Florence Pugh as Lib in The Wonder
Carousel, London Film Festival, Movie Review

London Film Festival: The Wonder

Based off of the novel by Emma Donoghue, THE WONDER is an eerie and enthralling thriller that explores the conflict between fact and faith. Set in 1860s Ireland, shortly after the potato famine that killed ~1 million people, the story follows Lib (Florence Pugh), an English nurse who is sent to a small town in Ireland. She has been asked to monitor Anna (Kíla Lord Cassidy), an 11-year-old girl who allegedly has not eaten in 4 months; she claims she is being nourished by manna from Heaven.

It is unclear how Anna is still alive, much less in as good of health as she appears. So Lib and a nun take turns conducting 8-hour shifts with Anna to see if she is sneaking food or being helped in any way. As a woman of science, whose job depends on her rationality and pragmatism, Lib must determine if this really is a miracle, as many people in the town believe, or are there people with ulterior motives manipulating the issue? As Anna’s health gets more and more dire, Lib’s respect for the culture and beliefs of those around her gives way to frustration and anger as she is determined to get to the bottom of it before the situation becomes deadly.

Florence Pugh examining Kila Lord Cassidy The Wonder
Courtesy of Netflix

Some may consider THE WONDER to be a slow-burn mystery, but I found myself so lost in the story, I didn’t realize how much time had passed when the credits began to roll. And a large part of that is due to the phenomenal performance by Florence Pugh, who puts the entire film on her shoulders and continues to show she is one of the best actors of her generation. Her performance, as a level-headed seeker of the truth, has you in the palm of her hand the second the movie starts, and that is incredibly important for such a character-heavy story. The entirety of the audience’s point of view is seen through Lib’s eyes and Pugh handles the responsibility with ultimate precision. I know I am inherently an empathetic audience member, but her character’s emotions became my emotions as I could feel Lib’s anxiety, desperation, and determination permeating through every scene, growing more and more frantic as the situation begins to spiral out of control.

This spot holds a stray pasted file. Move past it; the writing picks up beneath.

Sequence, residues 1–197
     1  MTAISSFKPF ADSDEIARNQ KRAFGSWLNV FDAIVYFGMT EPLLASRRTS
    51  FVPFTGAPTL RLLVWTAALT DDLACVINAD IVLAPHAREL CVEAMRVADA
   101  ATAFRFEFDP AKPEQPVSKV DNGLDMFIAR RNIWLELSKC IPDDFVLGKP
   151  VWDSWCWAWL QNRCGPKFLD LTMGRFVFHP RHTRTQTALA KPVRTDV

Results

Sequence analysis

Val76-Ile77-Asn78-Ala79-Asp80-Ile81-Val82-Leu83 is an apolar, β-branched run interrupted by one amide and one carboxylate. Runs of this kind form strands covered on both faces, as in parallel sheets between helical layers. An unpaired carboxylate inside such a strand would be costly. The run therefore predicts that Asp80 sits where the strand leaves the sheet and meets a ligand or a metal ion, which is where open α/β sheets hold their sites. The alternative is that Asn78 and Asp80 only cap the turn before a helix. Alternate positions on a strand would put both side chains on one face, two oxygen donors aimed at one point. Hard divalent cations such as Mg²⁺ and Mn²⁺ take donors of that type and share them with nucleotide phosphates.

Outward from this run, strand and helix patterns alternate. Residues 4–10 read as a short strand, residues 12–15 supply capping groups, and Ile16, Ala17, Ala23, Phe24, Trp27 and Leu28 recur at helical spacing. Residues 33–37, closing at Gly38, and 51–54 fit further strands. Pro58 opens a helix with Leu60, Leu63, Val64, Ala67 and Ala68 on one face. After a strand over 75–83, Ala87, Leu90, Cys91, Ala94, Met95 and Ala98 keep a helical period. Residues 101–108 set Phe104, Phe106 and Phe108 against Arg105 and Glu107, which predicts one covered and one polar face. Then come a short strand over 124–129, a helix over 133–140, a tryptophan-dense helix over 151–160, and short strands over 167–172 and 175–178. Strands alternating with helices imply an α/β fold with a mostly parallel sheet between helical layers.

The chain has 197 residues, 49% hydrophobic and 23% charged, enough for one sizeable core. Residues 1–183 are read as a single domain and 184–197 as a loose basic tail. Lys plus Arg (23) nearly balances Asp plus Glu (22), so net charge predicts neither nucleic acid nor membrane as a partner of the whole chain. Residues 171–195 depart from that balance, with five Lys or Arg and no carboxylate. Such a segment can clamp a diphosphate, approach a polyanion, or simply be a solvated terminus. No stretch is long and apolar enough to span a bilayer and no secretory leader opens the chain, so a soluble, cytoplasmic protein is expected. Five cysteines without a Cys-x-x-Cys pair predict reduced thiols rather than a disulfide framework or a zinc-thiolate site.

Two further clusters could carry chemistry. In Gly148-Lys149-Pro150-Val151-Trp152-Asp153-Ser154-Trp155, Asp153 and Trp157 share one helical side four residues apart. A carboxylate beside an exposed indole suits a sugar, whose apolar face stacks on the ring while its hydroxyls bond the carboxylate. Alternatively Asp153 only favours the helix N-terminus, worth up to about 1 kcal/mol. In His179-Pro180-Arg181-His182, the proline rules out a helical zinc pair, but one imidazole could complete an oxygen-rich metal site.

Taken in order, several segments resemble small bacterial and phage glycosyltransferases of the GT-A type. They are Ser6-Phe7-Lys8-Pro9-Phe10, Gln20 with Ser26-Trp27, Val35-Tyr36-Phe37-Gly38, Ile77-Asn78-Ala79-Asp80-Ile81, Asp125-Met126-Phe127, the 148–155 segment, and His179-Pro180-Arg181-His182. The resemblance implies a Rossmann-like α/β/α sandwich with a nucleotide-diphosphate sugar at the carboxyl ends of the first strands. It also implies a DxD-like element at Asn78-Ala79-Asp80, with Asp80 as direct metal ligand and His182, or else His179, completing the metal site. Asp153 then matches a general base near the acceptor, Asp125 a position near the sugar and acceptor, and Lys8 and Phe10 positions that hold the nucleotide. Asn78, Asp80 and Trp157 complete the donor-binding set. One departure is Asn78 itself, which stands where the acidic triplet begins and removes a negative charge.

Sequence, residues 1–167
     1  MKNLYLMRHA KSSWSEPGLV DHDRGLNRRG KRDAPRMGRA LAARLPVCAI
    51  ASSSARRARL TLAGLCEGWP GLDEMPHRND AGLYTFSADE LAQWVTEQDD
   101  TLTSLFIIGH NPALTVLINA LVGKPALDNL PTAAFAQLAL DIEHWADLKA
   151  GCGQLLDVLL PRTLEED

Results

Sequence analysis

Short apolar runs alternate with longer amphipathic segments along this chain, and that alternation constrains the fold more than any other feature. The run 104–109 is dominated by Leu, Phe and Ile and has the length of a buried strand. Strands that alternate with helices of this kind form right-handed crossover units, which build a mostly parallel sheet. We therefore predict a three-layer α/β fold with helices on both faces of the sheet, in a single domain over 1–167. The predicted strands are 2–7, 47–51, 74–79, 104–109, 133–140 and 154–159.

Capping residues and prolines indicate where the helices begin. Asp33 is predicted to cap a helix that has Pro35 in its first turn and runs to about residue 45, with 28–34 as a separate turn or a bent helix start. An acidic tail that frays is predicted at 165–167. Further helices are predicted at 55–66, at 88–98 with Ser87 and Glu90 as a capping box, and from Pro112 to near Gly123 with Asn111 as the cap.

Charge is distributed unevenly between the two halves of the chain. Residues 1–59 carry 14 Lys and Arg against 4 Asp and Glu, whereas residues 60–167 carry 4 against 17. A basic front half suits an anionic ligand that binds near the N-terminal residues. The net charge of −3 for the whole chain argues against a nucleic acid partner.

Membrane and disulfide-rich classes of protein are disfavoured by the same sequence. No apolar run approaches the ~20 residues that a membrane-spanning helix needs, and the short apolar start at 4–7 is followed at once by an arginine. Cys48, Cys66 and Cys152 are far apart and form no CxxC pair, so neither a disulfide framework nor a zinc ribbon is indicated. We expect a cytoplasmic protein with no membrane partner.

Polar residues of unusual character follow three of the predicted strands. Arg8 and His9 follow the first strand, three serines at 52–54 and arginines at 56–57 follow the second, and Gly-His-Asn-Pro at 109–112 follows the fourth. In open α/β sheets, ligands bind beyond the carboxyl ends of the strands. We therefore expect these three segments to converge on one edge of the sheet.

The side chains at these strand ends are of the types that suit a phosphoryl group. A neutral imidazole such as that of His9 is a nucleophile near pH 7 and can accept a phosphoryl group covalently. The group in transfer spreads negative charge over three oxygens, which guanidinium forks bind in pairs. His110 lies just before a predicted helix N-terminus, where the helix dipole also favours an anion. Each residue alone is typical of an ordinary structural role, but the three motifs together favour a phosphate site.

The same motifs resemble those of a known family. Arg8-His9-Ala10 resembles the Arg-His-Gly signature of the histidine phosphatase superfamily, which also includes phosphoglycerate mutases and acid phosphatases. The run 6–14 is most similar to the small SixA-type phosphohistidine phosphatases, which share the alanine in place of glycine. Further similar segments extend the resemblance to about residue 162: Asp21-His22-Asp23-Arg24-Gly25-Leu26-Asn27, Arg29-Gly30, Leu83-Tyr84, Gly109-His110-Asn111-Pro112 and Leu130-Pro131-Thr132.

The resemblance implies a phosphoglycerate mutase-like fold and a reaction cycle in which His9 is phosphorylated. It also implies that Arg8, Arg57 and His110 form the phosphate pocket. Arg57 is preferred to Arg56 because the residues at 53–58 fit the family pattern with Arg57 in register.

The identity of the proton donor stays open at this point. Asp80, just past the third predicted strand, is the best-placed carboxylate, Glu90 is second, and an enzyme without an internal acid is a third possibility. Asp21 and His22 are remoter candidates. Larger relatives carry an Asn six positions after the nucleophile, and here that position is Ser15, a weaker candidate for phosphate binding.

Newcomer Kíla Lord Cassidy was also phenomenal in a performance that requires enormous physicality and emotion. It is up to her to convince you to care whether her character lives or dies, and I immediately was invested, which is admittedly not always the case when I watch these kinds of movies. Sharing almost every scene with Pugh, it’s hard to believe this is one of Cassidy’s first major onscreen roles.

Florence Pugh Tom Burke Kila Lord Cassidy in The Wonder
Courtesy of Netflix

The film is beautifully shot by one of my favorite cinematographers Ari Wegner, who exquisitely builds the film’s atmosphere by capturing the windswept vistas and green landscapes of the Irish countryside. Juxtaposed to the stark, constrained interiors of Anna’s candlelit home and Lib’s isolated quarters, which are the majority of the scene’s backdrops, it adds to the urgency to solve the mystery and get back to a familiar, less hostile environment.

“We are nothing without stories,” the narrator of the film proclaims, and that is how I feel watching fantastic character-driven movies like THE WONDER. This is the type of film that works best when you fully immerse yourself in the story alongside the main character, so I urge you to cut off all distractions and jump in. You may be surprised by what you find.

My Review: B+

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